When hosting IDBExplorer, you need to pass the database name using the query string. In this example, this was done using the src attribute of the iframe element:

<iframe id="debuggerId" class="debuggerContainer" src="IDBExplorer/IDBExplorer.html?name=NewYear"></iframe>

When planning to host this functionality in a Metro style app, remember that Metro-style apps run fullscreen. As a result, you should navigate to this URL, rather than opening a new window (you will need to add a Back button to the IDBExplorer.html file in order to be able to return to your application). Alternatively, you can add an iframe element and display the tool in it.

Enjoy the tool and let us know what you think!

—Israel Hilerio, Ph.D., Principal Program Manager, Internet Explorer

Comments (11)

  1. Anonymous says:

    Why not in developer tools?

  2. Anonymous says:

    You've got to be kidding me. Chrome has better versions of this built directly into their developer tools. Why would I hack up my site with an iframe and script when I could just use Chrome? Your F12 tools are five years behind Chrome. They only work half the time, they only include half the Chromes developer features, they reload my site half the time which resets what I was trying to debug, the Visual Studio integration never works, they're not intuitive, I can't easily view source with your tools, the cache information is never correct. There's no comparison between what Chrome offers and what you offer. Please take this feedback more seriously. Stop wasting time on scripts like this and build some reasonable and usable tools.

  3. @Huh? It doesn't show indexedDB on Chrome dev tools, test it yourself. I'm running latest build of Chrome.

    I agree it should be included in the devtools rather than an IFrame, but maybe that will change

  4. Anonymous says:

    @nightdev – chrome does have a built in DB inspector, they just haven't added indexeddb to it for whatever reason (under the Resources tab).  But that doesn't diminish @Huh?'s point… While he makes himself sound rather dumb, he makes a good point that IE's dev tools used to be the cream 3 years ago or so. They just haven't kept up with chrome's insane ever-growing set of tools. Basically what I'm saying is: c'mon IE team I know you can make IE the best again, MS makes the best dev tools in the world, let's put those into IE… just my 0.02…

  5. Anonymous says:

    Why would anyone publish code of such poor quality?

    Or is it a 1990s joke I don't get?  The visual appearence would then be explained, too.

    g

  6. Anonymous says:

    @derp! – IEs dev tools used to be the cream 3 years ago?!?! Are you feeling ok????

    Microsofts dev tools for IE have always been pathetic and haven't come close to catching up.

    The chrome dev tools may only support websql inspection at the moment but at least you can see all your tables, run queries etc.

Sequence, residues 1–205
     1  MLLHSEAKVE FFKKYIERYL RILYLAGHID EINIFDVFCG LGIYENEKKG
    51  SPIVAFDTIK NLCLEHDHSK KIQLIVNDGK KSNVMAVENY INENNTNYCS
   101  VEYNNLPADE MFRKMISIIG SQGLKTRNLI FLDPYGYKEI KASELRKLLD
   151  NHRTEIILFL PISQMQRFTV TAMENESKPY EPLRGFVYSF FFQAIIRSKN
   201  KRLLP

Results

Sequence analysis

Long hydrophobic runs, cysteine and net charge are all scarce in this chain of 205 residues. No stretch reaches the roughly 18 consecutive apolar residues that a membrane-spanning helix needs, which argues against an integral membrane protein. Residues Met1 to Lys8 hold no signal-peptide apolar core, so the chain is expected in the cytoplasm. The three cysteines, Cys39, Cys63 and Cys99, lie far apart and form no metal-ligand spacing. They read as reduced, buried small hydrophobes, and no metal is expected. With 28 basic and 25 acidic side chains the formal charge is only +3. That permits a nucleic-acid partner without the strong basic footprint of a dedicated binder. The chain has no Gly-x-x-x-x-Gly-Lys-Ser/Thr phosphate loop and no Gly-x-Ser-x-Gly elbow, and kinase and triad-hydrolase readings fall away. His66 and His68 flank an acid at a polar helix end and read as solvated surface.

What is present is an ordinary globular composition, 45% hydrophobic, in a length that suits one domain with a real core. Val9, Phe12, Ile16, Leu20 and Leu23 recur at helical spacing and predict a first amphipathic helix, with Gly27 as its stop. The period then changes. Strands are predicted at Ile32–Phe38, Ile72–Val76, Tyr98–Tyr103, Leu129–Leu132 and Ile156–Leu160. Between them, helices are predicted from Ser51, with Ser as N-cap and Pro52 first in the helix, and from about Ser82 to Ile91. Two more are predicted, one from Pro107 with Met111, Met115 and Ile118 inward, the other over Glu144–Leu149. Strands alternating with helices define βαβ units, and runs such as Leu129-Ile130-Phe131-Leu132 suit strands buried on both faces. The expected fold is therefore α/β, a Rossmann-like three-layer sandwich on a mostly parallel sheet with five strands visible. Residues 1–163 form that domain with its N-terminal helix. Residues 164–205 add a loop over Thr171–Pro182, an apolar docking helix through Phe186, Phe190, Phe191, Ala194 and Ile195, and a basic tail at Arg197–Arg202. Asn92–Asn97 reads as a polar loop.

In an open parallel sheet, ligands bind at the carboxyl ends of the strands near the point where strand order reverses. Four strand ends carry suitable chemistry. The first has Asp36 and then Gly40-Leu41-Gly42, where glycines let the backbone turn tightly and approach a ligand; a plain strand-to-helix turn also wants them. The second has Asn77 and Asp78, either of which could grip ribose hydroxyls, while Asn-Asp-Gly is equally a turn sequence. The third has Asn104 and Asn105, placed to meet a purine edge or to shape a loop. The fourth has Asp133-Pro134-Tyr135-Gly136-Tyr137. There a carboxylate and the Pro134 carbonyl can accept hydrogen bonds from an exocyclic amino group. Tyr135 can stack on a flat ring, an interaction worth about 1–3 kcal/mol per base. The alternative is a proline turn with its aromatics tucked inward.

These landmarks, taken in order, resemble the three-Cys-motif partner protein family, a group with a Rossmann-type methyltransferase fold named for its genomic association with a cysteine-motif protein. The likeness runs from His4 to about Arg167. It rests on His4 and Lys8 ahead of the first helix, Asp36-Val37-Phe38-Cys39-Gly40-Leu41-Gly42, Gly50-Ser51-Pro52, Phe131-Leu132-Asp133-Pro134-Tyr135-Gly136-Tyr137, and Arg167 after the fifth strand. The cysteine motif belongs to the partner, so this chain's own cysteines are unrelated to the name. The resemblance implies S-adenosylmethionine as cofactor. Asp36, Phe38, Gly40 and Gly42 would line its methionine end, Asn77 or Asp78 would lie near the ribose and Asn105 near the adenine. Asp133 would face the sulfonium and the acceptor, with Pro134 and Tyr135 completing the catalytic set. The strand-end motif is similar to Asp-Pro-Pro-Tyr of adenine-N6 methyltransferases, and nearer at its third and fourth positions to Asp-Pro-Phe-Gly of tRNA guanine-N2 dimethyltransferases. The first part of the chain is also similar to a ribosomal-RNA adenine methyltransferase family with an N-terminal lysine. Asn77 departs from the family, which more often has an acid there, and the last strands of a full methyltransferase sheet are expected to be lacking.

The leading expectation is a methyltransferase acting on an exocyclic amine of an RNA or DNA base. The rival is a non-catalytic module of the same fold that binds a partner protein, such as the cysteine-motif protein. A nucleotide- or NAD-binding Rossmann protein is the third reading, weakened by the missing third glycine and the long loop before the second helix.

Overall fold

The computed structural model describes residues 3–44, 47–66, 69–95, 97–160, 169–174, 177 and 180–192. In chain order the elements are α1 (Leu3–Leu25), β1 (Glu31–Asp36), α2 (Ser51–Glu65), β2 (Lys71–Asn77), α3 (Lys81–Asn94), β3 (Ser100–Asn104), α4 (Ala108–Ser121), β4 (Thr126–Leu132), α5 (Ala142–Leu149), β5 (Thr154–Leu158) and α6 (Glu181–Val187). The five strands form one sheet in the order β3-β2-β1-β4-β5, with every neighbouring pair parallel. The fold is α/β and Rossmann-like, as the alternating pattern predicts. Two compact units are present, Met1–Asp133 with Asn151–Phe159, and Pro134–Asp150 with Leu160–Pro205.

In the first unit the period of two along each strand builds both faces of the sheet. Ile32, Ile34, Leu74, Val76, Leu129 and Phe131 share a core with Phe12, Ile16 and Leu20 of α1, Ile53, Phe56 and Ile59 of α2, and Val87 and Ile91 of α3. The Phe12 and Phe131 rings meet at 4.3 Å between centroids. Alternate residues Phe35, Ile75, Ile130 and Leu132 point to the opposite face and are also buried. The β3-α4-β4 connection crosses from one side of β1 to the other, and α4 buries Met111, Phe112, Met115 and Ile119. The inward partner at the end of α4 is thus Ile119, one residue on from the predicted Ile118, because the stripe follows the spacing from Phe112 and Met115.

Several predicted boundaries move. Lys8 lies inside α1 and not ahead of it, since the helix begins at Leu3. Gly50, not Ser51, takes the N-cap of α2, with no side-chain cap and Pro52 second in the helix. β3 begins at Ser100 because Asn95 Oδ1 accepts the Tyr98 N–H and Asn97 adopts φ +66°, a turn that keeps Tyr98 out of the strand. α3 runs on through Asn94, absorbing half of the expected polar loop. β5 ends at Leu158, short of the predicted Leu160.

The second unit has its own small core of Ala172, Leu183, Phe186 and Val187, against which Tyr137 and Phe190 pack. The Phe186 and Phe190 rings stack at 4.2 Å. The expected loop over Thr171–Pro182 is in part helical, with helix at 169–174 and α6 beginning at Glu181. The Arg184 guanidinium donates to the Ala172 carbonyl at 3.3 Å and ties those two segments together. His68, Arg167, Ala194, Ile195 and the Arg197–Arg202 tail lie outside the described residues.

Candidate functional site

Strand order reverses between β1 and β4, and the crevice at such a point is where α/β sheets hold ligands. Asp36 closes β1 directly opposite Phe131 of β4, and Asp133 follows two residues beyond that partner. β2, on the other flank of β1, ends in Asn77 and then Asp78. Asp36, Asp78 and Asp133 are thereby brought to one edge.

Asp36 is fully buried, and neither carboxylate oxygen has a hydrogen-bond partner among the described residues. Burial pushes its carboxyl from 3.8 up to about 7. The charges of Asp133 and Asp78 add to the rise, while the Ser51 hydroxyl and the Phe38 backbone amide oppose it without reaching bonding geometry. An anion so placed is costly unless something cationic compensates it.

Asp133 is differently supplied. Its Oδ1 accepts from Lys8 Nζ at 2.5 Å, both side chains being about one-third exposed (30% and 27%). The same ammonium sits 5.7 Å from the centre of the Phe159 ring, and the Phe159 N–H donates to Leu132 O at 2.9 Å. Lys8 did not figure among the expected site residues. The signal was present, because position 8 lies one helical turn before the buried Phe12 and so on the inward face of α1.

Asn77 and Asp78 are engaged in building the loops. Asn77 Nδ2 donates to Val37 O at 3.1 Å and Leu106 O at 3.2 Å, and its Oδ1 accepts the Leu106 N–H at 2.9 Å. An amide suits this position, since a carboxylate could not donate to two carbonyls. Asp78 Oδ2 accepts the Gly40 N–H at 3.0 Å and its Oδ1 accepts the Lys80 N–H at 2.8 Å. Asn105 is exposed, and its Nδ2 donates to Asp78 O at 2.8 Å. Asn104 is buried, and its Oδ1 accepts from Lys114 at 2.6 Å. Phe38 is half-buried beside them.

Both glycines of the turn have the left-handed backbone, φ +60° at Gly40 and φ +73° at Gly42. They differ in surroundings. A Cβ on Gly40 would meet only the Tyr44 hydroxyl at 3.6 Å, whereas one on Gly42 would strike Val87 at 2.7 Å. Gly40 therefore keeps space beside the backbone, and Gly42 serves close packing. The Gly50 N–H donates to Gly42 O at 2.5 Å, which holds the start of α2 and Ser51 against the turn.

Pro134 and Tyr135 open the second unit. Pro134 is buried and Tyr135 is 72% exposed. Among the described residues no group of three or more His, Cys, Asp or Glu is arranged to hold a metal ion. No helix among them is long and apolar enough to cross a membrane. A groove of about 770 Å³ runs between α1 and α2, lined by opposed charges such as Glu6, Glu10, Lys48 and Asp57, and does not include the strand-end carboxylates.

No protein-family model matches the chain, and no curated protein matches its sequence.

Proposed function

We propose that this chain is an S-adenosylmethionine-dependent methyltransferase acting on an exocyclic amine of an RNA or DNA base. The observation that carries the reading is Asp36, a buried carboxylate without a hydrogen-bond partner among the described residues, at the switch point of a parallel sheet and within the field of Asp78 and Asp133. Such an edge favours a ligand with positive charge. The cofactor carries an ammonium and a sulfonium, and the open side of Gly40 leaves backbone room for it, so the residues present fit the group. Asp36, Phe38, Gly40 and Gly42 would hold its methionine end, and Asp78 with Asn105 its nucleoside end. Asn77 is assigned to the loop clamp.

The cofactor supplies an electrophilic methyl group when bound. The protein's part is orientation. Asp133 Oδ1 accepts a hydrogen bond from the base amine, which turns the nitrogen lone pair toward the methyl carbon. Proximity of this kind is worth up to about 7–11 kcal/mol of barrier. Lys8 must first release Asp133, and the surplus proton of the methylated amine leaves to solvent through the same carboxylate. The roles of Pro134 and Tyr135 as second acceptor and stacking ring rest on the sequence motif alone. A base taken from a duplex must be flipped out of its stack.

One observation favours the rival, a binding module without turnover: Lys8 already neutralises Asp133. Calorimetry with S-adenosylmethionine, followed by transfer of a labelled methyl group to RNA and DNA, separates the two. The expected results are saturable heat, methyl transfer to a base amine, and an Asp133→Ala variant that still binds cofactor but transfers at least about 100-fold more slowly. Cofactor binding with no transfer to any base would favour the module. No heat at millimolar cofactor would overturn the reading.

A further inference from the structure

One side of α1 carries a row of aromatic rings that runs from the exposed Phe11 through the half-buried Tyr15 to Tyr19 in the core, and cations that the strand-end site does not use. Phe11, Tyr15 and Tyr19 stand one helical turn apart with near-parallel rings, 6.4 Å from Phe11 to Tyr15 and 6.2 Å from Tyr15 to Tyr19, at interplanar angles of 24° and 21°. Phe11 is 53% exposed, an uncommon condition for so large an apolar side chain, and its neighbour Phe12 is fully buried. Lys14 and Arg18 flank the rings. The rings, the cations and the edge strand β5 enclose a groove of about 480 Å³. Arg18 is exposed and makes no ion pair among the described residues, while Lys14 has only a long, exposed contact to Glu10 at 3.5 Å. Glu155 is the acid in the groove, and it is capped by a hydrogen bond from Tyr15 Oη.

IE is also several years late to the game for offline DB storage… But hey thanks for comming out IE… Hey maybe you could try making cell phones now too?

  7. Anonymous says:

    Oh and in case it hasn't been mentioned yet today… Please fix your comment form!!!!

    Why does the blog of the most used browser not have a 100% working form?!??

    You're setting a horrible example to the developer community by not doing things correctly.

    Postback forms are dead -move on please!!!!!

  8. Anonymous says:

    Is there a way to secure Db on ClientSide may be user name or password (I didnt find any sample which talks abt security of this) when creating DB,or if this is not a fit case for keeping sensitive info on the client.

  9. Anonymous says:

    @Evan,

    Postback method is not dead. Its alive! They serve their purpose very well when we need to deal with the interim state of the page. Postback is one popular method invented by MS and being widely used in the industry. This comment box has a timeout set to 15 minutes, after which guest-users' session is expired to prevent the posts once after the comments are closed. If you are signed-in (like happen in most of the other blog systems) you will never encounter timeout issue.

    Talking about the developers… if you cant see any improvement in IE9/IE10 and still have a same perception since v6.. then you need to move on please!!

    HTML5 standards are yet to completion. IE10 has implemented many features which FF n Chrome haven't implemented yet and vice-versa. If you are judging IE with pre-mature standards and bashing 'n winning against everything which MS has done till day.. then you are proving yourself a hater. I try to compare technology from various vendors as well. But trolling against one while supporting other is nothing but a poor show and yet a cheap move.

  10. Anonymous says:

    For IE it was late to bring this down.

  11. Anonymous says:

    @S.Bell – the session timeout of 15min (which for the record is absurd!) is only part of the issue.  I can write a response in under 2 minutes that will fail to submit the 1st (and often 2nd) time I try to submit it (in any browser!) – THE FORM ON THIS BLOG IS BROKEN – PERIOD – JUST FIX IT!

    harold